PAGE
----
Processor Whispers: About Giants and Slingshots
by Andreas Stiller and Martin Fischer
From the processor perspective, the International Solid-State Circuits Conference (ISSCC) in San Francisco was mostly notable for its rehashes from the Hotchips Conference in August 2012, but also for some news here and there.
The processor session was kicked off by IBM, with a meagre portion of details about the zNext mainframe processor, zEC12. Likewise, Oracle mostly rehashed information about the 16-core UltraSparc T5 and Fujitsu presented some new details about the 16-core SPARC64X "Athena". Only the Chinese, in the form of Professor Weiwu Hu, were able to present something new, namely the Godson-3B1500. The new 8-core chip, manufactured with 32nm technology, is supposed to deliver 173Gflops at 1.35GHz with a power consumption of no more than 40 watts. But for some reason, the supercomputer Dawning 6000, announced ages ago and meant to rely on the predecessor Godson 3B – which was presented two years ago, also by Professor Weiwu Hu – has yet to materialise.
Intel was conspicuous too, by its absence, and was only present in two other ISSCC sessions, which covered power management technologies and fast I/O (with 1Tbit/s per port). Well, Intel could have at least said something about the next Itanium generation Kittson, namely that it intends to heavily row back from its plans for this last Mohican. No modern 22nm process with tri-gate transistors, but only the inexpensive reuse of the well-tried 32nm process. No platform compatibility with the upcoming Xeon MP processors with PCIExpress 3.0 and DDR4, but a simple socket successor to the current Itanium systems with PCIExpress 2.0 and DDR3. So, just a little maintenance care in the Itanium hospice – and that's it.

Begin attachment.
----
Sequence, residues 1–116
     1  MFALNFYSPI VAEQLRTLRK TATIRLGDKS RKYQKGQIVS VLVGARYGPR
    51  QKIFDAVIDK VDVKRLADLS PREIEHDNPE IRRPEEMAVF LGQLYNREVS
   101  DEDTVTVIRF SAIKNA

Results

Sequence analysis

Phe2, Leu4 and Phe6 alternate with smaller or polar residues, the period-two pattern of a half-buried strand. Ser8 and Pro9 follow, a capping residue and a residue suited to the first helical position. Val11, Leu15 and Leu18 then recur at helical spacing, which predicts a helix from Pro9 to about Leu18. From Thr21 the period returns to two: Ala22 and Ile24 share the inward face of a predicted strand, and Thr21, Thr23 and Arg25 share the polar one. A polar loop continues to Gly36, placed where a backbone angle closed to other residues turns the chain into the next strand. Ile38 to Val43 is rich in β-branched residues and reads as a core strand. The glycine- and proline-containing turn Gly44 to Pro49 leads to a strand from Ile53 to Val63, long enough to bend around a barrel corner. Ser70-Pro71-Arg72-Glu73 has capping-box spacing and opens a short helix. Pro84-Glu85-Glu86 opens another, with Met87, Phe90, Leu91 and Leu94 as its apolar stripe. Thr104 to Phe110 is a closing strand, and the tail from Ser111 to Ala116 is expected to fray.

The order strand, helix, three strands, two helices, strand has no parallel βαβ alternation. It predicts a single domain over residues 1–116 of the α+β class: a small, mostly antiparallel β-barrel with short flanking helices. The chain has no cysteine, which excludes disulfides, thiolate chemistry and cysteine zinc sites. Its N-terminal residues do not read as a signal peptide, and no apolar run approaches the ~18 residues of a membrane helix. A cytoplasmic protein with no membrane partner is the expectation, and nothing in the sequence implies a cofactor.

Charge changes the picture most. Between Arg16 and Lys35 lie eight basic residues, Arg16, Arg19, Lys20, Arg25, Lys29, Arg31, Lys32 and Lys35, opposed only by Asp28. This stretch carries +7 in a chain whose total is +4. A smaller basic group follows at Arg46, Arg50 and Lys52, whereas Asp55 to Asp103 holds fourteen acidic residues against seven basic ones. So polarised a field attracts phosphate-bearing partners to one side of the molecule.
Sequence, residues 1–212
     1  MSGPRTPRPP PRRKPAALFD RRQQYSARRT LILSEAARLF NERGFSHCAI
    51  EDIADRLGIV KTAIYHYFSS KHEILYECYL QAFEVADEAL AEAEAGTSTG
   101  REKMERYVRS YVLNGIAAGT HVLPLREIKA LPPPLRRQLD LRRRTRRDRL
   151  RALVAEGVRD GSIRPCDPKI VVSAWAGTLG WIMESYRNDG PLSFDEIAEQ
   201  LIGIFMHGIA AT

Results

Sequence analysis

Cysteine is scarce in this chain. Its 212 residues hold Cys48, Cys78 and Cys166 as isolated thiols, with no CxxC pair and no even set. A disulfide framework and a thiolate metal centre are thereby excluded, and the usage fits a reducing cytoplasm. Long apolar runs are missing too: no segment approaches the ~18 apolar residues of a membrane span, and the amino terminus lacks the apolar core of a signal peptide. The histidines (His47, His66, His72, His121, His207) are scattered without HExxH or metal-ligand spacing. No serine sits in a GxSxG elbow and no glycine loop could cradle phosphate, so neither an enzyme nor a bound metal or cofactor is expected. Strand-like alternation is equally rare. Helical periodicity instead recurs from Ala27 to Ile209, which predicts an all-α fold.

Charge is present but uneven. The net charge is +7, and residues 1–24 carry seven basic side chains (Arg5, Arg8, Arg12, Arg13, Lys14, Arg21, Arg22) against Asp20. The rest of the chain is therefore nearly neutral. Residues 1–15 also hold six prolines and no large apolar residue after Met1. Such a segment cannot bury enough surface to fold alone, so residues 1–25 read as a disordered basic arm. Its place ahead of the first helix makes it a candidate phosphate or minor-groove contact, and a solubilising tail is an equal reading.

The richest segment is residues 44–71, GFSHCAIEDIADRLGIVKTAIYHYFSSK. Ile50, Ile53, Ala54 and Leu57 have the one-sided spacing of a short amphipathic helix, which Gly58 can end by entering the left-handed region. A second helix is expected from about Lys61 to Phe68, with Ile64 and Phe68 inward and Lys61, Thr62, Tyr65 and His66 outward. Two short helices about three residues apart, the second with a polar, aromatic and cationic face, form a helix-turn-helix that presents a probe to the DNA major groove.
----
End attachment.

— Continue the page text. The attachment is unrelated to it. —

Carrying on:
And let us not forget AMD. Business boss Lisa Su was given the chance to hold the opening keynote, which she used to advertise the Heterogeneous System Architecture (HSA). Here, the next step is now imminent: with Kaveri, a shared address space for CPU and GPU is being introduced that will allow a fine-grained integration of shared computations. So far, both are on the same chip, but they each run individually, connected through a fast internal HyperTransport-like bus.
And AMD's Islands?
Shortly afterwards, AMD's processor designers introduced "Jaguar, A Next-Generation Low-Power x86-64 Core". The title somehow rings a bell – the designated video game console engine was presented under this title at the Hotchips Conference six months ago. Back then, it was Jaguar chief architect Jeff Rupley who gave the speech – but, like so many other AMD colleagues in Austin, he has meanwhile defected to Samsung's local R&D centre. One wonders what Samsung plans to do with this concentrated acquired x86 know-how ... Maybe the company should also have hired a few good programmers, some that are familiar with UEFI, for instance. If they had done so, it probably wouldn't be possible to permanently bring Samsung's modern notebook generation to its knees with Ubuntu crash dumps or simple Windows API requests.